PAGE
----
A Protective Web

The spiderpeople are back and leaving their mark on the Nebraska State Capitol’s gold tile dome. When their work is completed, the Capitol’s gold dome will be covered with a giant spider web.  This past July, a team of spiderwomen and men hung from the top of the Capitol and inspected the gold tile to determine the cause of white efflorescence on the dome’s south west side. To reach the dome for inspection the spiderpeople (contractors) rappelled down from the base of the Sower and then checked the entire dome surface. The inspections revealed caulking, applied to the expansion joints during the Exterior Masonry Restoration Project in 2001, had deteriorated and was allowing water infiltration at an alarming rate and to disastrous effect. Their  general condition report on the dome let the Office of the Capitol Commission know that in most places the caulking was no longer present and the expansion joints which allow the dome to move during the freeze-thaw cycle were open to the weather. The freezing temperatures had pushed some tile out of place, and the efflorescence was a sign of deep water penetration into the inner dome structure. After the initial inspection, funds were transferred from an interior plaster repair and paint project to allow the spiderpeople to return and temporarily seal the expansion joints, limiting further water infiltration. Mild October weather permitted the stabilization work to be completed before the most dramatic temperature differences of the freeze thaw cycle occur later this fall and winter.  The temporary web (caulk and black tape) will keep the gold tiles in place until work on a more permanent solution can begin in 2020.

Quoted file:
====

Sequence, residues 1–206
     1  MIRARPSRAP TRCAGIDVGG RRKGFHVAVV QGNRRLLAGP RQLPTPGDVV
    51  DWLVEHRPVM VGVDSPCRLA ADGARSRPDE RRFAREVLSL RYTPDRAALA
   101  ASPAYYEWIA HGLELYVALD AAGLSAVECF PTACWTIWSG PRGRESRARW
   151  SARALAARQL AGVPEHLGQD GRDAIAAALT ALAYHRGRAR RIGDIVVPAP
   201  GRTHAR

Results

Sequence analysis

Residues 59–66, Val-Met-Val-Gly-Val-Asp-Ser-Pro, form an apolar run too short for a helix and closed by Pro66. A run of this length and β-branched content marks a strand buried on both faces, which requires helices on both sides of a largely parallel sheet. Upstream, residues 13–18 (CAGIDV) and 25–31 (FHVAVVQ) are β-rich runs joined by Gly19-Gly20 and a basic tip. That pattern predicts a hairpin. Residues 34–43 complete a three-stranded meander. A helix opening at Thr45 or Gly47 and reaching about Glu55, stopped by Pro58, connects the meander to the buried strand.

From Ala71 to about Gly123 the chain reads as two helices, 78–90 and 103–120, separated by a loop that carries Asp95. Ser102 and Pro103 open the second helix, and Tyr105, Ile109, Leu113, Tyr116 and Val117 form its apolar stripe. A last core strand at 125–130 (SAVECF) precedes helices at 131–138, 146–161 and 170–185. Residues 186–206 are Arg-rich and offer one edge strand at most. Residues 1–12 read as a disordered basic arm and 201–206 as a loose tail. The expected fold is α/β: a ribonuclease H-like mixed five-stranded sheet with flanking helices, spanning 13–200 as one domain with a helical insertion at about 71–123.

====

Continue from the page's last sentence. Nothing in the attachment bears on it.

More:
The white efflorescence on the gold tile dome was visible from the ground and caused the Capitol’s preservation architects concern.
The caulk has disappeared from the expansion joints allowing water to infiltrate the dome’s subsurface and cause extensive damage.
Viewed from below the contractors appear to crawl like spiders across the gold tile dome.
Hanging from ropes, contractors apply a protective waterproof tape to the gold tile dome.
The protective web begins to take form on the Capitol’s dome. Contractors will cover all expansion joints to limit water infiltration.